New twists to carbon farming

 Each time I write about carbon farming, I think it will be the last time I do so for quite some time. But then something new comes up and there is a new twist to be explored. Right now, there are two new twists, potentially pulling in different directions.

First, just prior to the COP26 talkfest in Glasgow, James Shaw and Jacinda Ardern issued a joint press release stating that New Zealand will increase the carbon targets to be achieved by 2030. The specifics are more than a little obscure, but the increase is going to be considerable.

The changes are made more complex by changes in the accounting methods. Here, I am talking about carbon accounting, not dollar accounting. 

Sometimes the Government talks about gross emissions that do not include forestry offsets. Sometimes the Government talks about net emissions after allowing for offsets. And sometimes the Government compares different time periods using what is called ‘gross-net’, which gets even more confusing.  For example, when we compare the present and future to the past using 1990 and 2005 baselines, we use net (after forestry offsets) for the present and future, compared to gross emissions (with no offsets) for the past.

It might seem challenging to add even more accounting complexity, but the Government is now achieving this, albeit with good reason, by shifting from end-point emissions, for example as at 2030, to now looking at average emissions over a carbon-budgeting period, for example 2026 – 2030.

On a like-for-like basis, the new targets for 2030 appear to be a 41 percent reduction in net emissions relative to the gross emissions in 2005, whereas previously the headline figure was 30 percent. That is a big step up.

The targets are just the start. The specifics of how we are going to get first to the end of 2022 – 2025 budgeting period, and then from 2026 through to 2030, still have to be worked through. That is a task for the Government and its officials between now and sometime in 2022.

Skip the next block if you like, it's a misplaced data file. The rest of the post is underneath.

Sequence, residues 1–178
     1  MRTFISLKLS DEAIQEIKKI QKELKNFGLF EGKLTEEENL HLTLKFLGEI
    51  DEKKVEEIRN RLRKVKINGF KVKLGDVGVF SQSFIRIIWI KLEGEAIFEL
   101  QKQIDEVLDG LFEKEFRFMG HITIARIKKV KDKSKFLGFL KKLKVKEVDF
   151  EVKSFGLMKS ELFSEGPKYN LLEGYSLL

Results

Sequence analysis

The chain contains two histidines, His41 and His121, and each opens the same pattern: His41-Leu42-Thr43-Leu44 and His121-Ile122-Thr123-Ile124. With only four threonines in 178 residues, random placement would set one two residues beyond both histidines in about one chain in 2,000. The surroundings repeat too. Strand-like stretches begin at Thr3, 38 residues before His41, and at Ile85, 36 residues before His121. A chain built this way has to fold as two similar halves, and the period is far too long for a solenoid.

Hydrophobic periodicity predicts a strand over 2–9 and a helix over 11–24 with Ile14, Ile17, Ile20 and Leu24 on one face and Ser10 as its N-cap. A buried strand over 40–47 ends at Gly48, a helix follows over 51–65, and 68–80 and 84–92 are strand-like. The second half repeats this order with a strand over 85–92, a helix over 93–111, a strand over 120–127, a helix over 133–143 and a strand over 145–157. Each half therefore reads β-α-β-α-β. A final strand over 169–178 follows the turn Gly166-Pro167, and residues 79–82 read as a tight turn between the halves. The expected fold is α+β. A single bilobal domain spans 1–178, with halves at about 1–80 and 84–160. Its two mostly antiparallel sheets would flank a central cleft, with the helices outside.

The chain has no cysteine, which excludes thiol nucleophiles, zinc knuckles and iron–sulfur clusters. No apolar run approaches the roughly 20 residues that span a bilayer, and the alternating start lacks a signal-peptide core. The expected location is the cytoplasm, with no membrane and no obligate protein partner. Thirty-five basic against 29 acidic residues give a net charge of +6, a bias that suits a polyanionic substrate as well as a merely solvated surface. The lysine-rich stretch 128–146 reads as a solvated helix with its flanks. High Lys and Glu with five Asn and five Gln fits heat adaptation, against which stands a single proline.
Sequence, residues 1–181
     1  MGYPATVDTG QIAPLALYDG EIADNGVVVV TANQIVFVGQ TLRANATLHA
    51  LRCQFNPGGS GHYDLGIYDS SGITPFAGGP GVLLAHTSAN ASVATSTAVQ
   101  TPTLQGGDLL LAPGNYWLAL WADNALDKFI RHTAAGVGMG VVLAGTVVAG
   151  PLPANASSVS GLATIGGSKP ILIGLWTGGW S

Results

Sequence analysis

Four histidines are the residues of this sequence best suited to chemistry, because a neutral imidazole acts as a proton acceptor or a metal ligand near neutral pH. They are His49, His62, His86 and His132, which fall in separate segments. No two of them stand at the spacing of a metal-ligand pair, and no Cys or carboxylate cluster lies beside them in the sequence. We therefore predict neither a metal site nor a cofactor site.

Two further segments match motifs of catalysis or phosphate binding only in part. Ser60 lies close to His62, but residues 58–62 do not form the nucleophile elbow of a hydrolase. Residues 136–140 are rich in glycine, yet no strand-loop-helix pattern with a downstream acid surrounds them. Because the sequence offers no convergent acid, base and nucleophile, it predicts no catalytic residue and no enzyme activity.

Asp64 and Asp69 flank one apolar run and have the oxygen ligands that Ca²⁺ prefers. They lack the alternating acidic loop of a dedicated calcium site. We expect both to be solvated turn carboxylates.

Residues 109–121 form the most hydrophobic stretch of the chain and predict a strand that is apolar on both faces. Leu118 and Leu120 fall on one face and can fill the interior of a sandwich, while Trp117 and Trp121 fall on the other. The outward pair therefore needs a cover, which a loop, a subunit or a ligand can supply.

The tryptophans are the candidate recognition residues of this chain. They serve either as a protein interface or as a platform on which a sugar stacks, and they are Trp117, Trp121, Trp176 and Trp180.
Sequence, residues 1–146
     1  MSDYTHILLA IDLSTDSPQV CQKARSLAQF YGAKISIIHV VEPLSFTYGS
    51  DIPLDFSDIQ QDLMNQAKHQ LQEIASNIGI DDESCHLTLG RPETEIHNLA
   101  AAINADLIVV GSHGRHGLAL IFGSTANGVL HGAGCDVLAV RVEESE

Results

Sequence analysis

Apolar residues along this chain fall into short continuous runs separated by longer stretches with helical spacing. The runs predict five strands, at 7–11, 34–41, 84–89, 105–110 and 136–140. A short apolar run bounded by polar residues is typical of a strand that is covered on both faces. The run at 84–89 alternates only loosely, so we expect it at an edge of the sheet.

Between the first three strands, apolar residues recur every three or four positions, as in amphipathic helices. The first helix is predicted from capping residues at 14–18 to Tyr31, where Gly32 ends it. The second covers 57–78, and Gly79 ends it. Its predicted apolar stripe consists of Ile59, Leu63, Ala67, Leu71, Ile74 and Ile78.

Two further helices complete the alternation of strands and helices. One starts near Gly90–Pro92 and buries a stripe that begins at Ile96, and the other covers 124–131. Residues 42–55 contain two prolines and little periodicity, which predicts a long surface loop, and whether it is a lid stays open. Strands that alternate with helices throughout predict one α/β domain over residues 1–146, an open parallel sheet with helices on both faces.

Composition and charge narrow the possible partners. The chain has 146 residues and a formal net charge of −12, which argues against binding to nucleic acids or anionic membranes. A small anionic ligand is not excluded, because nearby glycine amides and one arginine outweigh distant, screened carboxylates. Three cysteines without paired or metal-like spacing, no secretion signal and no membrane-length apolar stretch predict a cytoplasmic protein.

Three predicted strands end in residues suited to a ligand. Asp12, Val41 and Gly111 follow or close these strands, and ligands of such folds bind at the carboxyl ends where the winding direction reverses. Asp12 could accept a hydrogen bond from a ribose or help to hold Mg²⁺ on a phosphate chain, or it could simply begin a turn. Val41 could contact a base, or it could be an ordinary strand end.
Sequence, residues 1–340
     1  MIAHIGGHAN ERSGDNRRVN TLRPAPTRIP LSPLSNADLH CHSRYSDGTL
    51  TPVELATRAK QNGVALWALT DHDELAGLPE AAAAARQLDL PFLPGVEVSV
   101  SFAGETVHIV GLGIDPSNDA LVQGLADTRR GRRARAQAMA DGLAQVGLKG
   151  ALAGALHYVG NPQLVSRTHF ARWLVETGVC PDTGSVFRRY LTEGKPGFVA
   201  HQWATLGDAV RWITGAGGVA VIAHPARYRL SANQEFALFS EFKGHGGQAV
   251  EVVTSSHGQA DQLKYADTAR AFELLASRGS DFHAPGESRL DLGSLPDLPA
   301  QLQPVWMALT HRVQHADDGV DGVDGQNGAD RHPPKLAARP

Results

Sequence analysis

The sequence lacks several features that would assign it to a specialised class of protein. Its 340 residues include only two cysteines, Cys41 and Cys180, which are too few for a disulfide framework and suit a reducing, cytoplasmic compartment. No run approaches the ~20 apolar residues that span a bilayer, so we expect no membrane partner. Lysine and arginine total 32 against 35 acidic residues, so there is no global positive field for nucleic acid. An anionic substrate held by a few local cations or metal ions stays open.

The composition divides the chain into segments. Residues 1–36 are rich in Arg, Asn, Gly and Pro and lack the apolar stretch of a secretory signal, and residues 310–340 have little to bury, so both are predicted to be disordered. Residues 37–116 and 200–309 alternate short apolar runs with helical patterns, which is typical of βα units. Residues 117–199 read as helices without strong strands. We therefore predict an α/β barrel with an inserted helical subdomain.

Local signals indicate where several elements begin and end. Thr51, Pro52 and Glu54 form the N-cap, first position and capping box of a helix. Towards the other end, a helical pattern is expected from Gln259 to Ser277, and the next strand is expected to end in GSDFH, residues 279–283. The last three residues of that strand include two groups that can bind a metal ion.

One thing that James Shaw has made explicit is that the new targets are sufficiently demanding that we will have to buy credits from overseas. Prior to 2015, belonged to an international carbon-trading system linked to  the Kyoto Protocol, but that turned into an international rort and eventually we stepped away.  Based on outcomes from the COP26 conference in Glasgow, there will need to be lots more ‘blah blah blah’ and international head-banging to get to a new international system.

James Shaw says that we will have to buy about 100 million credits by 2030. These will not come cheap. It doesn’t matter what it actually costs an overseas country to make the savings, they will sell those credits at whatever they can get on the international market. If carbon credits rise to $100 on international markets, which many see as likely, then that would be $10 billion for 100 million credits.

One of the big questions to be debated in New Zealand is if we are going to use overseas funds to buy the credits, then would it not be better to get them through forestry offsets? Does this mean that we need even more forestry offsets than previously?

The second twist
The second twist is that the Ministry for the Environment (MfE) currently has a discussion paper out for comment that includes the statement that we may end up with more forestry offsets than the Government considers to be desirable. The Government wants a major contribution to the targets to come from emissions reductions and not just from offsets.

Without being explicit, the MfE paper is acknowledging that the carbon price needed to drive forestry offsets is much less than the carbon price needed to reduce emission behaviours. For example, and as I have previously pointed out in various articles, a carbon price of $100 could totally blow away sheep and beef farming, whereas the same price only puts about 24 cents per litre onto the price of petrol.